Limited Housing Options

Americans assume that grown children will leave their parents' or guardians' home and live in their own apartment or house.

Of course, as the economy and other factors have changed, many more typically developing young adults are moving in with who raised them. Not surprisingly, a very large number of autistic adults also live with their parents or guardians.

Reasons for this include:

  • Residential funding for disabled adults is hard to come by. It's especially scarce for autistic adults who don't have an intellectual disability. If your IQ is over 70 or 75, you're assumed to be independent (unless you have a severe physical illness or disability, like blindness).
  • Group homes are hard to get into and may be of poor quality. Like many adult programs, group homes depend upon state and federal funding. In addition, staff and residents change constantly.
  • Even bright, capable adults with autism can have problems dealing with unexpected challenges. It's tough for autistic adults to plan ahead (such as buying soap before needing it), manage emergencies (e.g., power outage), and think through problems (like fixing a clogged drain). It's often cheaper, smarter, and easier to stay with parents or guardians.

Summary

It's common for information about autism to center around children, but the majority of the time one deals with the condition is in adulthood. While many autistic adults live comfortable and productive lives, they can still have difficulty in situations requiring social interaction or where there is exposure to certain sounds, lights, and smells.

Thankfully, employers are required by law to make reasonable accommodations for adults with autism, and many states offer some sort of funding and services to aid them.

However, there is still limited support for adults with autism in instances such as living independently and receiving free and appropriate education after the age of 22.

A Word From Verywell

Whether high functioning or severely autistic, adults with autism work harder than their typical peers to enjoy a fulfilling life. To succeed, they—like everyone else—need friendship, support, and opportunities to work and play in an accepting social setting.

As funding ebbs and flows, they can't always rely on tax-funded programs. That means the needs of adults with autism must be met by their families and people in their communities who wish them well, believe in their strengths, ​and will take action to improve their quality of life.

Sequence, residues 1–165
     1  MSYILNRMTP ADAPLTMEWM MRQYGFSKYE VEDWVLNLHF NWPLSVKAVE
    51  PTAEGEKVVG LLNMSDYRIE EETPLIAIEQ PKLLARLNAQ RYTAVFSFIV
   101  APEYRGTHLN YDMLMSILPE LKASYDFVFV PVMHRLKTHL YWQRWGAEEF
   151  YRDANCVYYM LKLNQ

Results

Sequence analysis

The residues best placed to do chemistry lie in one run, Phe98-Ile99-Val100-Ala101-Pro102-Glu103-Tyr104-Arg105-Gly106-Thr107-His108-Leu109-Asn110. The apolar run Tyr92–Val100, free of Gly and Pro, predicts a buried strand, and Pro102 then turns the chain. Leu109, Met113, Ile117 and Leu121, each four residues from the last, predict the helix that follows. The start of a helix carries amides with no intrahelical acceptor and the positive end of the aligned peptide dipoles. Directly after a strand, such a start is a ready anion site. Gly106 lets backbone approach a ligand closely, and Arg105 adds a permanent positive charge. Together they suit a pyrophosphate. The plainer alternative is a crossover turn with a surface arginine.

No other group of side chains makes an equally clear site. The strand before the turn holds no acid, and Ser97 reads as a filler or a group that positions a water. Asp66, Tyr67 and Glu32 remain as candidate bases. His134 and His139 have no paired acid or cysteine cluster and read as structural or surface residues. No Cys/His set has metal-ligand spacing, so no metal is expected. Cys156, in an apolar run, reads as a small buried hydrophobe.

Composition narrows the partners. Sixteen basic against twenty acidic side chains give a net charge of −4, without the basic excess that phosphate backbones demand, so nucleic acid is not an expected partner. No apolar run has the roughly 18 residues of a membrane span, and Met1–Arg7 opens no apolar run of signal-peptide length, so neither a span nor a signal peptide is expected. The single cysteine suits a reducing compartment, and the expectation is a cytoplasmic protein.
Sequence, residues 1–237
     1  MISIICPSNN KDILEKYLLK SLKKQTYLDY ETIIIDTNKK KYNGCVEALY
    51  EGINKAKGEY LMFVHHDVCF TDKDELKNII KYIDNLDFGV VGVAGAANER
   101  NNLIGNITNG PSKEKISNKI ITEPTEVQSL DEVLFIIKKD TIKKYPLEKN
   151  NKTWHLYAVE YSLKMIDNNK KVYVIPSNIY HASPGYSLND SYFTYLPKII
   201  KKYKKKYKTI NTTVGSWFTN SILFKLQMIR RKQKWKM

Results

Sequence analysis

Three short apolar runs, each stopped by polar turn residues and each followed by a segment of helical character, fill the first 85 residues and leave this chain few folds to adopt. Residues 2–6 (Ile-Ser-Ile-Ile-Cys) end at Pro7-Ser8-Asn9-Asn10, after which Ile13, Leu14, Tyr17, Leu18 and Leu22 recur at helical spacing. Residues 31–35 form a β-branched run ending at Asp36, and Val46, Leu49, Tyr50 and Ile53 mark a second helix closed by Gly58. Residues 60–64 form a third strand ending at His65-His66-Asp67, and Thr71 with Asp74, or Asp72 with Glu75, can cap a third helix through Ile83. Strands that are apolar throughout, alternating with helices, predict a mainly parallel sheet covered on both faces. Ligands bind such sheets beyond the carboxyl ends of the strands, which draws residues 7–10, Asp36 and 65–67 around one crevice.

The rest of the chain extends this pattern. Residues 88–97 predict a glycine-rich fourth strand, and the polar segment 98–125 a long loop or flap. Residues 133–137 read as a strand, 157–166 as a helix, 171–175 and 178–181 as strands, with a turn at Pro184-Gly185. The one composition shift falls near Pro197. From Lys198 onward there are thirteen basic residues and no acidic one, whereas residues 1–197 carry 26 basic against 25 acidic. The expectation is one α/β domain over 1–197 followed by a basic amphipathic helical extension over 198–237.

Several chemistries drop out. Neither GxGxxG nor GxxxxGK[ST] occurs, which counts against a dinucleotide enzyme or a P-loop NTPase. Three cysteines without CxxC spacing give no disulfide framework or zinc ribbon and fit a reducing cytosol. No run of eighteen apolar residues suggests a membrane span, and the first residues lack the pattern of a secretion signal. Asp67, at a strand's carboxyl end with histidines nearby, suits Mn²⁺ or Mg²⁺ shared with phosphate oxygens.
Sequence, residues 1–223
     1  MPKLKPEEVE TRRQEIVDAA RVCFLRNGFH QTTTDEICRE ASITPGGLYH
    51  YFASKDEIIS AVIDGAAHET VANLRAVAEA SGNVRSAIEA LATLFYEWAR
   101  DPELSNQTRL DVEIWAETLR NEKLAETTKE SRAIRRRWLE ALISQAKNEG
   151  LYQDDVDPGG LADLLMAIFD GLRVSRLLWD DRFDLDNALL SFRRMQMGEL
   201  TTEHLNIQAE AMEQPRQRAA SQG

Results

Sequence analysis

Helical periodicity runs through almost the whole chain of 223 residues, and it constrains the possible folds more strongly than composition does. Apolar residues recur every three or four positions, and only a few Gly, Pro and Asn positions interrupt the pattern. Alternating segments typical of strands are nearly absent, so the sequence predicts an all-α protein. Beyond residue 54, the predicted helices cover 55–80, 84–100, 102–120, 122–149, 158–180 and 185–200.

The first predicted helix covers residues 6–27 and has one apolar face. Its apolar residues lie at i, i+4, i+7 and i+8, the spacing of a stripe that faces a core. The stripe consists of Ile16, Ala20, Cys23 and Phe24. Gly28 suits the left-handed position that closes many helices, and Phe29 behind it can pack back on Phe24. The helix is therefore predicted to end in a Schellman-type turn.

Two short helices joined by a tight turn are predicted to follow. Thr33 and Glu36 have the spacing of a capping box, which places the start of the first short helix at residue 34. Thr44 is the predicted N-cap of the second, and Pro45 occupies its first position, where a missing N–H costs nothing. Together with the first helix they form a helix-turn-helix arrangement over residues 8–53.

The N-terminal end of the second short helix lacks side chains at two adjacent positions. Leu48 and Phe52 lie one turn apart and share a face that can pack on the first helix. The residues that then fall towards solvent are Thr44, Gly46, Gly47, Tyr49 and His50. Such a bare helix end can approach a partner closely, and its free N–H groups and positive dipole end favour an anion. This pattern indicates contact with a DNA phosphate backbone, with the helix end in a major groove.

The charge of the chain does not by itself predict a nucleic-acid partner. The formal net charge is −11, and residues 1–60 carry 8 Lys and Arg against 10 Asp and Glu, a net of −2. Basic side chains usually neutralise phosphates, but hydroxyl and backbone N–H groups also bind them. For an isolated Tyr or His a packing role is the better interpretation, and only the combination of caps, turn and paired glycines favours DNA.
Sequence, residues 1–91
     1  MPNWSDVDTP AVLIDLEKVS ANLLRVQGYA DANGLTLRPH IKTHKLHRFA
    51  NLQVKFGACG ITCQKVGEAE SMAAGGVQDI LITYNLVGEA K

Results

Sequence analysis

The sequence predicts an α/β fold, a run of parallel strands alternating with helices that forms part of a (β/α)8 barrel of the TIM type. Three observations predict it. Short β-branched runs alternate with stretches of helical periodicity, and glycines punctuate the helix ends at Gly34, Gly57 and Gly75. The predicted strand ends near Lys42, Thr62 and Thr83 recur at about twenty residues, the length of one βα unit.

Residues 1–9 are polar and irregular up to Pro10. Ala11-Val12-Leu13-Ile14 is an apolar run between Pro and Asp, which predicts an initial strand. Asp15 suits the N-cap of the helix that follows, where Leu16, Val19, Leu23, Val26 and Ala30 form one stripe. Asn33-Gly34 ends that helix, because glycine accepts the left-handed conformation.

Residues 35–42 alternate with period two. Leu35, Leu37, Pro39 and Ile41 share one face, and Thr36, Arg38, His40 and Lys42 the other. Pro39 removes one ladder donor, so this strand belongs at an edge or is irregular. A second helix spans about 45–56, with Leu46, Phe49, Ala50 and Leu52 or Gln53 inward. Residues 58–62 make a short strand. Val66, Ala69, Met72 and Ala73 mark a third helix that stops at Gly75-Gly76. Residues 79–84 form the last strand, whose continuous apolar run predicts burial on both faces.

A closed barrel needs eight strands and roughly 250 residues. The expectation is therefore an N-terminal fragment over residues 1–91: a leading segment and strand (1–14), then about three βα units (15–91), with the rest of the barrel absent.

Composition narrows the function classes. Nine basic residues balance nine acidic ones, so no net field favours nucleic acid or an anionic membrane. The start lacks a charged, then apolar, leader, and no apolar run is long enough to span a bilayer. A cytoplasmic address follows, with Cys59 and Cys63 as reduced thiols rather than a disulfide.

Frequently Asked Questions

  • Where can you learn more about autism in adults?

    There are many resources that you can use to learn more about autism in adults. Some of them include:

    • Easterseals
    • Autism Speaks
    • Autism Research Institue
    • The Asperger / Autism Network (AANE)
  • What happens during an adult autism screening?

    During an adult autism screening, a healthcare professional will typically observe a patient's responses to different prompts, evaluating what the patient says and how the patient behaves.

    Sometimes, a healthcare professional may have a patient complete a test with questions about social interaction, interests, and behaviors.

  • Do employers make reasonable accommodations for adults with autism?

    The Americans with Disabilities Act (ADA, Title I) states that employers must make reasonable accommodations for employees with a disability like autism. These accommodations do not require lowering performance standards.

    Some workplace accommodations for those with autism may include:

    • Having instructions communicated in writing
    • Having a designated workstation that's free of irritating or distracting stimuli
    • Ensuring an efficient transportation plan is in place before the start of work
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Verywell Health uses only high-quality sources, including peer-reviewed studies, to support the facts within our articles. Read our editorial process to learn more about how we fact-check and keep our content accurate, reliable, and trustworthy.
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By Lisa Jo Rudy
Lisa Jo Rudy, MDiv, is a writer, advocate, author, and consultant specializing in the field of autism.